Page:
Wednesday, 22 July 2015

Dishcloth Pattern and Framed Quaker Tapestry

A big welcome to my new followers and thank you all very much for the lovely comments on my blanket and dishcloth. Here's the pattern for making the dishcloth. It could be used for a washcloth too. I'm sure it could be used for many types of items. The fabric this stitch produces is solid but lovely and drapey. I think it would be good for a cardigan or jumper.

So, anyway, let's get on with the pattern. I used King Cole Bamboo Cotton yarn and a 50g ball made a good big dishcloth. The second one I made a little smaller than the first so I had a bit left over; just enough to do a final round on a washcloth or something like that.

Also, I used a 4 mm hook. You can use whatever yarn you like best and a hook size that is suitable for that yarn.

Make a chain with an odd number of stitches. To use most of a 50g ball of yarn and make a good-sized cloth, make the chain about 55 stitches. It will depend on your tension, of course. So you might prefer 53 or 57. It doesn't matter so long as it is an odd number.

I'm writing this using UK terminology. For US readers, where it says double crochet (dc) use a single crochet (sc) and where is says treble (tr) use a double crochet (dc).

Foundation Row:

Work a double crochet into the 3rd chain from the hook.
* Work a treble into the next chain.
Work a double crochet into the next chain. **

Repeat from * to ** until you reach the end.

Pattern Row:

Make 2 chain and turn.
* Work a double crochet into the next treble.
Work a treble into the next double crochet. **

Repeat from * to ** until you work the treble into the last double crochet.

Now work a double crochet into the top of the starting chain-2 of the previous row.

Repeat the pattern row until you have made a square. Then fasten off and sew in the ends.

It's extremely easy!

Do you remember me showing you my Quaker tapestry a while ago? Well, I am very pleased to say that it has now been framed.

Oh dear, it was impossible to get a picture without the reflection.

No reflection this time though it's a bit far away to see any detail.

Not only has the tapestry finally been finished and finally been framed, it has finally been hung on the living room wall. I'm very pleased with it!


  1. looks lovely and very pretty colour for the dishcloth. I haven't done much in tapestry.

  2. I love the pattern of the dishcloth and it seems so easy, I shall have to give that a go. I loved your tapestry when you showed it before and it looks beautiful framed, you must be very pleased with it.

  3. That's too good for a dishcloth! It's a very pretty colour and a nice stitch. I love your tapestry and the frame really suits it! Barbara xx

  4. Thank you for sharing your pattern, your tapestry is lovely too and must give you a nice feeling when you see it hanging on the wall. Hx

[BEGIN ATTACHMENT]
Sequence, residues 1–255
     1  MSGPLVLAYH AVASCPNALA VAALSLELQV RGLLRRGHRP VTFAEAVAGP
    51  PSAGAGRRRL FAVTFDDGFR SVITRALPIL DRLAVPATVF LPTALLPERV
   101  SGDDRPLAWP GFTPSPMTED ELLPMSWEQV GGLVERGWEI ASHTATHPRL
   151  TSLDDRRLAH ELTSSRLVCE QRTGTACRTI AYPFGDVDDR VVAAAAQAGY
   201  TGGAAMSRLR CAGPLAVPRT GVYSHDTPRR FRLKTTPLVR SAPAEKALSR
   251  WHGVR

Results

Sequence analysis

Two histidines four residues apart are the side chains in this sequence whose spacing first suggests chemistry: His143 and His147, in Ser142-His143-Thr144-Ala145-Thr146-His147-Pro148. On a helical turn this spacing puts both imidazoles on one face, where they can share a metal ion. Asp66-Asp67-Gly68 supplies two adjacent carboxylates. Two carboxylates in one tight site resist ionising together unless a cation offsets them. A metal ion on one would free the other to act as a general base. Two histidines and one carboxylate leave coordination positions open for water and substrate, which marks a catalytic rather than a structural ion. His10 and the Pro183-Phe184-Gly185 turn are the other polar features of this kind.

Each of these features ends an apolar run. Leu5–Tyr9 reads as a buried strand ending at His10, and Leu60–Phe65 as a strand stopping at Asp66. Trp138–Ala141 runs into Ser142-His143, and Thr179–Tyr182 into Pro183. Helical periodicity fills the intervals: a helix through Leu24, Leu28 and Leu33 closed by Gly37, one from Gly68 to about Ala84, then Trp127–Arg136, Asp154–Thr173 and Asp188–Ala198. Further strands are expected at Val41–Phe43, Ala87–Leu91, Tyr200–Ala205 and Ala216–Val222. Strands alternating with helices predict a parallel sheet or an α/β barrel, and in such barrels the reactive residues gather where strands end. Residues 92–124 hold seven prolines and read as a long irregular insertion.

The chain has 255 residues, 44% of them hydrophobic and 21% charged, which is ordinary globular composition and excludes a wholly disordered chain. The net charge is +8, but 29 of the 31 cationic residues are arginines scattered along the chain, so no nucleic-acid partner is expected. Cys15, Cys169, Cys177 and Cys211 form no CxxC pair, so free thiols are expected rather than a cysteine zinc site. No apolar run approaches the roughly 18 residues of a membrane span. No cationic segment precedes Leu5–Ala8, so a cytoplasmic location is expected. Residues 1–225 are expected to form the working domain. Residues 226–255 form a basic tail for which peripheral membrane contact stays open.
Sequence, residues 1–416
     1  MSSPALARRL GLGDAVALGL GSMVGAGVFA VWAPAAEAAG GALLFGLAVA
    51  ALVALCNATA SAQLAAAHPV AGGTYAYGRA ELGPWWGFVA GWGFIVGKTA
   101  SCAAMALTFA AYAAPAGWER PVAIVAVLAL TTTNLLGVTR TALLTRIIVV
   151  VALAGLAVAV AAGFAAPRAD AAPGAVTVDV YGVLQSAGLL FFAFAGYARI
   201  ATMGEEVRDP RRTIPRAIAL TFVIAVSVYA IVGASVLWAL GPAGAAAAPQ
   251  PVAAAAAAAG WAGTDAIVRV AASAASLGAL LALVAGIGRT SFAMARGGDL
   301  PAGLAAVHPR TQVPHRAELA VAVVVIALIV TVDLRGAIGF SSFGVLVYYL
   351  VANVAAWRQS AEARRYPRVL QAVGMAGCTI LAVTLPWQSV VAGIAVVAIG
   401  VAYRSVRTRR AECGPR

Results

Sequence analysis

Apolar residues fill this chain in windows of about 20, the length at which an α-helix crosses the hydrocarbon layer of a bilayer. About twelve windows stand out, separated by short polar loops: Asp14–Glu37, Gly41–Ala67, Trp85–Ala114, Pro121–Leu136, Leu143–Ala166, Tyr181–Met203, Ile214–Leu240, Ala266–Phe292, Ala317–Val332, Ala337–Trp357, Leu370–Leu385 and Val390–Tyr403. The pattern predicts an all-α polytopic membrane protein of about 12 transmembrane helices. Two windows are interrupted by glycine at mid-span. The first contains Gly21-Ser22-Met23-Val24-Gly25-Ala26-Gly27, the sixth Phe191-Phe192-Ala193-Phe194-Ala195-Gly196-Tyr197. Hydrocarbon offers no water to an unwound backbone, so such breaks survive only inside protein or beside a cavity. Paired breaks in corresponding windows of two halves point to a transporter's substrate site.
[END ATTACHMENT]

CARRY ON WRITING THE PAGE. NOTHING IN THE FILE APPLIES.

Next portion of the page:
5. That tapestry is so fabulous, you picked the perfect frame. Thank you for the dishcloth recipe.

  6. I love how the tapestry looks framed, very nice. The dishcloth is beautiful, thank you for sharing the pattern.

  7. The dishcloth could make a nice baby blanket (if it was bigger!). Your tapestry looks nice to be able to display it.

    1. Good idea. It would be perfect for a baby blanket.

  8. Both your tapestry and your cloth are beautiful!! I love the tapestry especially - you know I like tapestry and embroidery! It is such a lovely picture. Your cloth is great too, I love the stitch you used, and thank you for the pattern! xx

  9. Hi Gillian and Marilyn K,
    The green baby blanket that I have been working on recently is made with this stitch. Yes, it is perfect for a baby blanket. Some places call this stitch 'grit stitch' and others call it 'griddle stitch'. Obviously the names have been confused somewhere in translation or travel. Is there a knitted stitch or woven stitch with those names? That may help us work out which is the correct name. This stitch pattern does have the lovely drape, as you mentioned, but also enough texture for it to work as a washcloth. Good choice, Gillian. :-)

    1. I looked up my Knitting and Crochet Stitches book. The stitch I've described here is called Griddle Stitch. Grit Stitch is slightly different in that you work 2 stitches into the same place and then skip a stitch before working 2 stitches into the next stitch. It's very similar. There doesn't seem to be an exact knitting equivalent. It's a bit like moss (seed) stitch or double moss (moss) stitch. Also a bit like granite stitch. But I think it's mostly like rose hip stitch or possibly whelk; they're very similar. That's just from my book! There are probably other variations.

    2. Hi Gillian,
      Thanks for sharing the stitch pattern!
      Your tapestry picture looks great, the wooden frame sets it off nicely!
      Ingrid xx

  10. Thanks for the pattern. Love the color of your yarn.

  11. Thanks for sharing the pattern! I am sure this stitch would love great in a blanket as well!

    Take care
    Crochet Between Worlds

  12. Pretty tapestry! And the dishcloth is great. This is my favorite pattern for this kind of cloths, too :-). Greetings, Nata


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